2014 Changemaker: Ethelind Kaba

"This is a more proactive way of looking at the experience of being a girl. The goal is to get some of these girls in to talk about issues before there's a problem."

It’s difficult to be a teen or a tween girl.

Expectations come from every direction: parents, friends, school. There are also the outside influences, messages and pressures broadcast on television, magazines and online, that shape how young women view themselves.

As a mother of three – including a tween daughter – Ethelind Kaba knew that without support systems in place, the tween and teen years can be confusing and difficult to navigate.

As a young girl growing up in Ghana, Kaba was raised with a strong sense of community. “If someone saw you doing something [wrong] in the street, they let you know. Adults took responsibility for everyone,” Kaba says. “Here, it’s very different.”

She began looking for support, searching for a program that created community for young girls.

“My own daughter was getting older, and I saw this change in her,” Kaba says. “This carefree person was starting to try to figure out identity, to ask the question – ‘where do I fit in?’ I found that there were programs out there for girls labeled ‘at risk’ – but I really wondered about taking a more proactive approach.”

In fall 2013, Kaba decided to start a group for friends of her daughter. In January, she opened the group to any girls.

She created StarGirl Initiative (SGI), a community group that builds self-esteem in girls. This initiative is also based on the idea that you are your own person. Kaba and her daughter, Yayra, were inspired by the name of the Jerry Spinelli book, “Stargirl.” It stuck, and a small group of girls began meeting at Pearl Park Community Center in Minneapolis.

Kaba recruited volunteer facilitators to share their expertise with the girls, holding monthly empowerment workshops focused on topics relevant and interesting to girls, like girl power, body image and cyber life. These workshops promote healthy self-confidence and help the girls evaluate their attitudes and beliefs in their everyday interactions.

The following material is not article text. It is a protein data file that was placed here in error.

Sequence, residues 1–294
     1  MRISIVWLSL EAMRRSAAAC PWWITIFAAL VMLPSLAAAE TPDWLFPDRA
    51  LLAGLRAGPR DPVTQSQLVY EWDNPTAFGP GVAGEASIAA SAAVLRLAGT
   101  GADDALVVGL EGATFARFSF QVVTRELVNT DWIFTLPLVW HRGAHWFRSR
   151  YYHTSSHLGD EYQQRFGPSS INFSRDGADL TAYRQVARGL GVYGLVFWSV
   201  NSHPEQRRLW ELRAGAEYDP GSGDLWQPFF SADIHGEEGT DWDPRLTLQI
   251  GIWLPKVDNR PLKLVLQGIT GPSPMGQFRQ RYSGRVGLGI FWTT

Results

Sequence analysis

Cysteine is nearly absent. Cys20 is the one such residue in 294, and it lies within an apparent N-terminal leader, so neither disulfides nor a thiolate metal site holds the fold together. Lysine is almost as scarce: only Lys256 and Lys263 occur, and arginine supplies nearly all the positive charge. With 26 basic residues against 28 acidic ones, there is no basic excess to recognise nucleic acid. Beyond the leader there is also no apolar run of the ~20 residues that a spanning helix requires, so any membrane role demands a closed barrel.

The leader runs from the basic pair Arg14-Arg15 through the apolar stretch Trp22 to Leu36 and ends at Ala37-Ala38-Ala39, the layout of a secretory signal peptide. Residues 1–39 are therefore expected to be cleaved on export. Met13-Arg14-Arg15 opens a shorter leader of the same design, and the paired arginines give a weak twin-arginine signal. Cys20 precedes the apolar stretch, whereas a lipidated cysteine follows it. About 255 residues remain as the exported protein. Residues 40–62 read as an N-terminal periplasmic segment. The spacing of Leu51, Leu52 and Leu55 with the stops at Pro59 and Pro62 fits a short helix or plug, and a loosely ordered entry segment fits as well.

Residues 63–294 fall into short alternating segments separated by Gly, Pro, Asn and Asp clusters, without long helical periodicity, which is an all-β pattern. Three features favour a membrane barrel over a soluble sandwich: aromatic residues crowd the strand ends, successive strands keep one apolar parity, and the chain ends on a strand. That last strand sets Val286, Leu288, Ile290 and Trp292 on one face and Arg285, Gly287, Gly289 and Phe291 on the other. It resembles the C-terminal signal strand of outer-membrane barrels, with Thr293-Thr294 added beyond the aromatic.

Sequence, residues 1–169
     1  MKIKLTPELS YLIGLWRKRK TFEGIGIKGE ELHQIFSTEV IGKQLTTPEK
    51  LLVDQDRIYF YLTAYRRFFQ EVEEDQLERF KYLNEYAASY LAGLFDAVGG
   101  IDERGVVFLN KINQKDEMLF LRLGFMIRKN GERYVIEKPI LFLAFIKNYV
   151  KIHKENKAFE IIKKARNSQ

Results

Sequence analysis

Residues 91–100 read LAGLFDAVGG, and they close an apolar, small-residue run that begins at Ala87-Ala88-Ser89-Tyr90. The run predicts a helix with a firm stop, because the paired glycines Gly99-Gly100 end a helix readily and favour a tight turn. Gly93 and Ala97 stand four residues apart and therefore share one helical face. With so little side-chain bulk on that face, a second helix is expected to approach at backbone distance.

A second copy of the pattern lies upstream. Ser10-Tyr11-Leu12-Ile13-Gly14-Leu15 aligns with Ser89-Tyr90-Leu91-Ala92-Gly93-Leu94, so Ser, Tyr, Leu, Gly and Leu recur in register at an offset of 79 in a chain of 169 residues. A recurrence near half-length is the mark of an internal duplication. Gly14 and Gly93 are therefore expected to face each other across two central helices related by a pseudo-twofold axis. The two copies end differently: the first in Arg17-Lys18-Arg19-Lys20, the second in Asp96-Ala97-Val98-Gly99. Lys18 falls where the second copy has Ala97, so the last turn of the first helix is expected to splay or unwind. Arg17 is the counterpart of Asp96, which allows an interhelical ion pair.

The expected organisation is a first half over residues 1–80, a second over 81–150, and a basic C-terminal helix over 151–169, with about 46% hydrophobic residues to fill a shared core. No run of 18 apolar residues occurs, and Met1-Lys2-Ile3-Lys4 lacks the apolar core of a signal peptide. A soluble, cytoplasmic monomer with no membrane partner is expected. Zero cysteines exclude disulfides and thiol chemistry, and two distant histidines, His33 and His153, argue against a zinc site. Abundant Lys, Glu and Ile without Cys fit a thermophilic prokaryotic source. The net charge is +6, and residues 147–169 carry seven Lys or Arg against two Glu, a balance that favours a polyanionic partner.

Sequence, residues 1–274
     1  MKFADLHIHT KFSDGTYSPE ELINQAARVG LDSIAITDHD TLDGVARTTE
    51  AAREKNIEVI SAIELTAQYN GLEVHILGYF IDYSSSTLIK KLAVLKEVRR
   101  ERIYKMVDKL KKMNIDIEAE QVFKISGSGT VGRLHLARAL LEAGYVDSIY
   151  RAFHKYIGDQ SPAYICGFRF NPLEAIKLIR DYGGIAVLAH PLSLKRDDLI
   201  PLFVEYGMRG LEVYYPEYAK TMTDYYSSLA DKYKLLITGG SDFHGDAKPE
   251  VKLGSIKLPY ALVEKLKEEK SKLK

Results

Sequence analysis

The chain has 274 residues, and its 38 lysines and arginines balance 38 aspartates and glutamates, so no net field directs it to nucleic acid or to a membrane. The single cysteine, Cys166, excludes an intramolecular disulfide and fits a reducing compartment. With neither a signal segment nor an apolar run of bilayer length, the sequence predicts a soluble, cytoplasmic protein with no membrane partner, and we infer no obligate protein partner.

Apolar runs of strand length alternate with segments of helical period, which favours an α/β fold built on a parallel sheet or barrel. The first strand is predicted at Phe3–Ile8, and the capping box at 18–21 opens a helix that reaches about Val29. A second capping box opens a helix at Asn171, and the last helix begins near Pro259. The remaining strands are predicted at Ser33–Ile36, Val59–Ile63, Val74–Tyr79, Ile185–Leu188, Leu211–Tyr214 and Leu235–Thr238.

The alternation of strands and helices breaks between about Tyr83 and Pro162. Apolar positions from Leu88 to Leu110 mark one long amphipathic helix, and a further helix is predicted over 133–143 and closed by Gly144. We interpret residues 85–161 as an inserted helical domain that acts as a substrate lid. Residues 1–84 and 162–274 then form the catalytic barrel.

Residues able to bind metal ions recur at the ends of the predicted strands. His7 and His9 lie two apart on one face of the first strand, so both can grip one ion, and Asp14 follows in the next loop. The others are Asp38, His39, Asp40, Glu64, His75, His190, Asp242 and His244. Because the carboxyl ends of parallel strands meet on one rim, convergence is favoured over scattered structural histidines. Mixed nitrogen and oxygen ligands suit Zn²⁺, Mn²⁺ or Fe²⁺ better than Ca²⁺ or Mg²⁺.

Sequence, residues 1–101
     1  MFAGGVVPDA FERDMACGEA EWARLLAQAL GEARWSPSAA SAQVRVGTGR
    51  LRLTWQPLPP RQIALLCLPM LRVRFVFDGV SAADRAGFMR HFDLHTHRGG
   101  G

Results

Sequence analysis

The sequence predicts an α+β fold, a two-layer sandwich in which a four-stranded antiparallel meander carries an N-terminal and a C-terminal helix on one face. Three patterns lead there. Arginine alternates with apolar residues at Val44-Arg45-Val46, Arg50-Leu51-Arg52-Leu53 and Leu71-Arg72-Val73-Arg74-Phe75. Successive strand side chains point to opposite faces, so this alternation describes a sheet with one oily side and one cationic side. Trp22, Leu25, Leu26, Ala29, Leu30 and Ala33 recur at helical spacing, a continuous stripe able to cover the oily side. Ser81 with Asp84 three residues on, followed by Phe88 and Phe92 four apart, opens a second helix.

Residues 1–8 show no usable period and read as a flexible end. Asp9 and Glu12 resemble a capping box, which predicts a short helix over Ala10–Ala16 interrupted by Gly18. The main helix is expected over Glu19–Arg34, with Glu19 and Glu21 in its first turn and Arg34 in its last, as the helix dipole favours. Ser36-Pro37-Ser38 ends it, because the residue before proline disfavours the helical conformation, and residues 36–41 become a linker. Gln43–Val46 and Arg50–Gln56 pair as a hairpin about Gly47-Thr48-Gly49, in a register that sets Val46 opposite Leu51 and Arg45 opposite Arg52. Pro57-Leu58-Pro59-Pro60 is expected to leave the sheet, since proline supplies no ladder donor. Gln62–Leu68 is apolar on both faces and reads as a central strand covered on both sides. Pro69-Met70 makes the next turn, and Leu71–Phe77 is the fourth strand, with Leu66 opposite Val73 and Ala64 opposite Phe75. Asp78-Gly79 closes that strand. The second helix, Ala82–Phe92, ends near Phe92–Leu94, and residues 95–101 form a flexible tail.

“There are positive vibes in the group,” says 13-year-old Keah Spurgeon, who attends the group regularly with her sister. “I’m learning about being a strong leader and about being myself. It’s a good place to say how you want to claim your power, as a girl, to get where you want to get and to talk about what you can become.”

The girl group has worked with Second Harvest Heartland and the Jeremiah Program, to promote social responsibility and community involvement, both important components to the program. “I think these experiences so close to home made the girls think. It made them more appreciative and sensitive,” says Kaba, who lives in Edina.

She has big hopes and plans for SGI. After wrapping up a summer reading program, StarGirl Initiative is headed toward programming in a Minneapolis middle school in January. Kaba is working with co-volunteer Catherine Flynn to develop a curriculum that includes a mentoring component, pairing middle school girls with young women in high school and college, and weekly meetings with a theme and activity.

“We are, as humans, very reactionary,” Kaba says. “This is a more proactive way of looking at the experience of being a girl. The goal is to get some of these girls in to talk about issues before there’s a problem.”


BE A CHANGEMAKER:
Check out the StarGirl Initiative website for upcoming workshop dates and additional opportunities: www.stargirlinitiative.org
Some links and resources about encouraging girl power that SGI loves:
• Dove Self Esteem Project – Articles and ideas on addressing issues that face girls, including tips on boosting self-esteem: selfesteem.dove.us
• Because I am a Girl – Here are nine girl power movies with strong female leads: blog.becauseiamagirl.ca/girl_power_movies_netflix